“I think that expansion is going to be a little harder than they want it to be. You’ve got a lot of new people, Tony coming off his injury, and can Danica find a way to be competitive? There’s a lot of things going on, and starting a new team is not an easy proposition. Taking your whole company that’s been accustomed to running as three teams and now making it run four teams – those things are hard. It’s not as easy as you think. The question is how quickly can they adjust to that.

“But Kevin going there is going to be a plus. Minute-to-minute, that’s gonna put the pressure on the company to succeed. Because Kevin – and by the way, Kurt too – that’s their personality. Those two [newcomers] will push that company. Can the company accept it? Is the company ready to have three guys – Tony Stewart, Kevin Harvick, Kurt Busch – are they ready to have three people jumping up and down, demanding that they make changes and demanding that they be better? That’s going to be an interesting dynamic.”

NHRA: Courtney Force rolls to 1st win of ’16; Force sisters first to lead 2 classes at same time

Houston winners, from left, Doug Kalitta, Courtney Force and Greg Anderson.
(Photo courtesy NHRA)
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After watching sister Brittany have fun winning two Top Fuel events this season, it was little sister Courtney Force’s turn Sunday in the NHRA Spring Nationals at Royal Purple Raceway in Baytown, Texas.

Force captured the Funny Car class for her first win of the season, her first since summer 2014 and her eighth overall win in the Funny Car ranks.

In addition, it marked the fifth consecutive NHRA Mello Yello Drag Racing Series event that has featured a female winner.

Force (3.913 seconds at 327.90 mph) defeated No. 1 qualifier and last week’s winner at Charlotte, Tim Wilkerson (3.943 at 323.81 mph).

In so doing, Courtney Force is now tied with Wilkerson, a two-time winner this season, for the Funny Car points lead.

What’s more, with Brittany Force leading the Top Fuel standings, this marks the first time in NHRA history that sisters have led or are tied for the lead in their respective competition classes.

“It was a pretty amazing weekend for our Chevy Camaro team,” Force said in a media release. “I was nervous going into the final against Wilkerson. I knew what kind of numbers he could put on the board and I knew I just had to be right there with him.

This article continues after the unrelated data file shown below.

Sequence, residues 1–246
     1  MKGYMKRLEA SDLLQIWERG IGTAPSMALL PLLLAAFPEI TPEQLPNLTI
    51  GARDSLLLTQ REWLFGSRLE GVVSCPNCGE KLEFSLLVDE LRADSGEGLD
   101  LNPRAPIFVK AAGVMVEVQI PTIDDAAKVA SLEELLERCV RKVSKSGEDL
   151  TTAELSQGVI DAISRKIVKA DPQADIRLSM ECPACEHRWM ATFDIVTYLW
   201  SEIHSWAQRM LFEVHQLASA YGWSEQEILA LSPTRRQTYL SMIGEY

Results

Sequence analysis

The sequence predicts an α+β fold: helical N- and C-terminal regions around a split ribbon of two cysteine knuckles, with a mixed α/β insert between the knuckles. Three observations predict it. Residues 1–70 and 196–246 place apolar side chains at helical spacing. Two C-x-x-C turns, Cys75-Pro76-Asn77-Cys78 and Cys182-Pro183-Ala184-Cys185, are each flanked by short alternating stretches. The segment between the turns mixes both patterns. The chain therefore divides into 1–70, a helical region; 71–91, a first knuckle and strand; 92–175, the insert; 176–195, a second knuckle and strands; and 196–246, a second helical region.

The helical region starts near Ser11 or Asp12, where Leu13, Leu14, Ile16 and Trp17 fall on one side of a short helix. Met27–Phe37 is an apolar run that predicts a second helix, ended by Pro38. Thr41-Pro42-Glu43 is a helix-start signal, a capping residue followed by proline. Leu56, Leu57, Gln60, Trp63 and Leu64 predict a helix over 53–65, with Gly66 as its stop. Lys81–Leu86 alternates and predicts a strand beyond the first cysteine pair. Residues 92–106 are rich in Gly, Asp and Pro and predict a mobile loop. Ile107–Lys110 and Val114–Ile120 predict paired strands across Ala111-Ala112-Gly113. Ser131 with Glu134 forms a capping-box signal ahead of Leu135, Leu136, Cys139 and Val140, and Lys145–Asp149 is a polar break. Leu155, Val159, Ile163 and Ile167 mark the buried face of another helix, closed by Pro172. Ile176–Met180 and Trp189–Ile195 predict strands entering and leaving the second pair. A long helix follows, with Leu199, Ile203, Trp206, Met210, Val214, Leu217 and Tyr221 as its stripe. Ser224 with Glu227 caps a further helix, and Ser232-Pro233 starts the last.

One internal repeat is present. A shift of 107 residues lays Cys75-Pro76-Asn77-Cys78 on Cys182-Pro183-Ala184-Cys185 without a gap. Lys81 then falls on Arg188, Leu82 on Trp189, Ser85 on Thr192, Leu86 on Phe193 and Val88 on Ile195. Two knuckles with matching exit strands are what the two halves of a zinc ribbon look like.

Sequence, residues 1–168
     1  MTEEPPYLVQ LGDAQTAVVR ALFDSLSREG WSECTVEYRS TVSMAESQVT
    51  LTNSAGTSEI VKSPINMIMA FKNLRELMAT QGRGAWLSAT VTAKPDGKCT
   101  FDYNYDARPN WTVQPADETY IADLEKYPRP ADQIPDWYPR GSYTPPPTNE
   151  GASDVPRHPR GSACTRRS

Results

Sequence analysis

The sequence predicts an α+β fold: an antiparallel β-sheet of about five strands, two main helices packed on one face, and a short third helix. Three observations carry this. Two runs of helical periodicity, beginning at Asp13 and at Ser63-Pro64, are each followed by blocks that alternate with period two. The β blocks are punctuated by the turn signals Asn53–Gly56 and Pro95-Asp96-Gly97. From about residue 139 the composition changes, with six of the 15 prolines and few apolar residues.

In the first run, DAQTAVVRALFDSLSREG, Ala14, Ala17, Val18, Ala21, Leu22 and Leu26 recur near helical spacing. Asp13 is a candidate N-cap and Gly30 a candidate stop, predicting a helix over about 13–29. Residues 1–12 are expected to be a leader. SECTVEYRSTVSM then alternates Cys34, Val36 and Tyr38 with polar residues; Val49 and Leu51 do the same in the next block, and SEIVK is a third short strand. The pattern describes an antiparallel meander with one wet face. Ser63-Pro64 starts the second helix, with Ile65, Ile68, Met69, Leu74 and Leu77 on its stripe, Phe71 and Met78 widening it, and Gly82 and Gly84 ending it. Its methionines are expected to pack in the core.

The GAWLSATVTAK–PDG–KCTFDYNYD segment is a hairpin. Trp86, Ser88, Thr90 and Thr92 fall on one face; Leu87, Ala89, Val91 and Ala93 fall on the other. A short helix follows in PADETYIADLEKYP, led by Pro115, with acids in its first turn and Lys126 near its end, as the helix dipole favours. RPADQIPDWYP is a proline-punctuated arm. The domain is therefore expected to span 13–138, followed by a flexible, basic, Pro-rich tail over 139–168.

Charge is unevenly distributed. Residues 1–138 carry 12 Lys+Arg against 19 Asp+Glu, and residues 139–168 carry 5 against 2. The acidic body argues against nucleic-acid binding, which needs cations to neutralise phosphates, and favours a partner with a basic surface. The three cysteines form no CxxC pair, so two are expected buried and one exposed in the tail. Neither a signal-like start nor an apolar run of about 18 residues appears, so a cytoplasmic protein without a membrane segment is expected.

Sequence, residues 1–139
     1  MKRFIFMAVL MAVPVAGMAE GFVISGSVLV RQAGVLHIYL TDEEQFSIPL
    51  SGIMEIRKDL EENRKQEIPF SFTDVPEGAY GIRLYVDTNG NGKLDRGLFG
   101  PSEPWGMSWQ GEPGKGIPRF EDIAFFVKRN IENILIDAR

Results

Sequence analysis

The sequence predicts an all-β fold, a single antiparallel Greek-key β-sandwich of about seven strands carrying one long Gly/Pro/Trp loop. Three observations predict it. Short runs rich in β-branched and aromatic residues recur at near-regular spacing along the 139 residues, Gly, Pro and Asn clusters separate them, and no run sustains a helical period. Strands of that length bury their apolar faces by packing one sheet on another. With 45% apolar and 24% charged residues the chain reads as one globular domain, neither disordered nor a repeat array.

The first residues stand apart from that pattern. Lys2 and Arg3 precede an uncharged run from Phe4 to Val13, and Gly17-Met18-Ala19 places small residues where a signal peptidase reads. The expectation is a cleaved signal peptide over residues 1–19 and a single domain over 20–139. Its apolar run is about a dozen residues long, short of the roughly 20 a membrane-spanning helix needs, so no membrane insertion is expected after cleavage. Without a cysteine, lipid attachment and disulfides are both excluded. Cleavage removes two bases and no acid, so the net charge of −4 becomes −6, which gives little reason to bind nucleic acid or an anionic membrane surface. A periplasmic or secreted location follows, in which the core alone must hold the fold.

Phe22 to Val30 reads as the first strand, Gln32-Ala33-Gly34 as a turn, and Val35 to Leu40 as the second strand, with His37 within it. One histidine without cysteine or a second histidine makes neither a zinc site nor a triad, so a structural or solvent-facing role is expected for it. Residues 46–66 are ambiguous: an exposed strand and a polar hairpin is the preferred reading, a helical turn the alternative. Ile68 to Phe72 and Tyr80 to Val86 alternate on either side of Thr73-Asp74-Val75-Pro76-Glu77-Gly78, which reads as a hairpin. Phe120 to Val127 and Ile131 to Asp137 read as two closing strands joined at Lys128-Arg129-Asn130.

“We’ve been working really hard and I feel like this one felt even better than my first ever career win. We wanted it more than anything.”

The Houston-area race marks the end of the first quarter of the 24-race NHRA national event schedule.

In addition to Courtney’s win Sunday, Brittany’s two wins, Leah Pritchett’s win in Top Fuel in March and Alexis De Joria’s recent win, that marks four different females that have won races in Top Fuel or Funny Car – the most in a single season in NHRA history.

And there’s still 18 more races for even more females to extend that new mark.

As for other winners Sunday, Doug Kalitta captured the Top Fuel class, while Greg Anderson took Pro Stock.

Kalitta (3.813 seconds at 280.60 mph) earned his first win of 2016, his third SpringNationals triumph and his 39th career Top Fuel win, defeating No. 1 qualifier Steve Torrence (3.810 seconds at 306.81 mph).

“I actually didn’t realize I had won until I had gotten to the end and turned around and came back,” Kalitta said. “I was real happy. It’s good to get a win and get the momentum going. It just charges everybody up. It was just a really good day for us.”

Kalitta is now tied with Antron Brown and Kenny Bernstein for fourth place on the Top Fuel all-time wins list.

Finally, in Pro Stock, No. 1 qualifier Anderson (6.630 seconds at 209.43 mph) earned his third win of the season and his third career triumph in the SpringNationals, defeating Ken Black Racing teammate Jason Line (6.597 seconds at 209.95 mph).

“It was a tremendous day today,” said Anderson, a four-time Pro Stock champion. “I was having a ball today. I just kept wondering, ‘When’s it going to rain? When’s it going to rain? Please don’t because I feel great today.’ My car is great. My car was just a dream to drive every run and I knew I had a great chance today to win an event.”

Anderson and Line have dominated Pro Stock this season, with the duo combining to win all of the first six races of 2016, with each capturing three victories apiece. Line, who has reached the final round in every race thus far this season, still leads the standings, while Anderson is second, 79 points back.

The series takes a week off before resuming May 13-15 in suburban Atlanta for the Summit Racing Equipment NHRA Southern Nationals.


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FINAL FINISHING ORDER:

TOP FUEL: 1.  Doug Kalitta; 2.  Steve Torrence; 3.  Antron Brown; 4.  Leah Pritchett; 5.  Shawn Langdon; 6. Tony Schumacher; 7.  Kebin Kinsley; 8.  Scott Palmer; 9.  Troy Buff; 10.  Terry McMillen; 11. Brittany Force; 12.  J.R. Todd; 13.  Richie Crampton; 14.  Clay Millican; 15.  Terry Haddock; 16. Rob Passey.

FUNNY CAR: 1.  Courtney Force; 2.  Tim Wilkerson; 3.  Jack Beckman; 4.  Tommy Johnson Jr.; 5.  Del Worsham; 6. Matt Hagan; 7.  Alexis DeJoria; 8.  Ron Capps; 9.  Chad Head; 10.  Cruz Pedregon; 11.  Todd Simpson; 12.  Robert Hight; 13.  Bob Bode; 14.  John Force; 15.  Jim Campbell; 16.  John Hale.